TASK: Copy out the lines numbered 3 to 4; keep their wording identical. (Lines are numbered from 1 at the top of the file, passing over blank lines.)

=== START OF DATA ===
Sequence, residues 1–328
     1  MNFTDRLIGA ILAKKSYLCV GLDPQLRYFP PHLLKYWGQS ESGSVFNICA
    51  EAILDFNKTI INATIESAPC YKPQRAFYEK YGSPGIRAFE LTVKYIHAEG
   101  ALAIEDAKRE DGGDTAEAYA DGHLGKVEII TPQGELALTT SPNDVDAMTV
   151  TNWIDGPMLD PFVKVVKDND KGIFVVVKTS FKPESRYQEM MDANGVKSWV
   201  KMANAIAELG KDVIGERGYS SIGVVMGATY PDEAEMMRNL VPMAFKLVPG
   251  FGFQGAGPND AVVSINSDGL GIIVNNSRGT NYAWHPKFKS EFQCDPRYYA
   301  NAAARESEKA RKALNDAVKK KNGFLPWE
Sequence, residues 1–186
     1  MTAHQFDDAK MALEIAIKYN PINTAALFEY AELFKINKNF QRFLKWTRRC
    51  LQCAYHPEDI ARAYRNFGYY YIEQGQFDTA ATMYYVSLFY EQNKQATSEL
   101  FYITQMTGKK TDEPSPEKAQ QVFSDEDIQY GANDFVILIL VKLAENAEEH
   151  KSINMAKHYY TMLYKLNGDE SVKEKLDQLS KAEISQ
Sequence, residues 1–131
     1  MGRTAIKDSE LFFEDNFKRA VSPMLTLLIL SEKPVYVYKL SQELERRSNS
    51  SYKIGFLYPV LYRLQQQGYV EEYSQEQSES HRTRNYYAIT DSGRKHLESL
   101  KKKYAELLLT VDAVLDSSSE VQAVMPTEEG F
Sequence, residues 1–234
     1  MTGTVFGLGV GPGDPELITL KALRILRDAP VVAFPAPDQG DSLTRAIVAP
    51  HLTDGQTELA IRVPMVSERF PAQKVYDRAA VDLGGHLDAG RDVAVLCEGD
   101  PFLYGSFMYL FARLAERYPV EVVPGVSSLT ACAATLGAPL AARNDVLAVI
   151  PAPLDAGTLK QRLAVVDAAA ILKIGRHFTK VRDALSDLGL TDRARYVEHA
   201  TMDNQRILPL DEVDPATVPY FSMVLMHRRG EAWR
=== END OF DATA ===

    51  EAILDFNKTI INATIESAPC YKPQRAFYEK YGSPGIRAFE LTVKYIHAEG
   101  ALAIEDAKRE DGGDTAEAYA DGHLGKVEII TPQGELALTT SPNDVDAMTV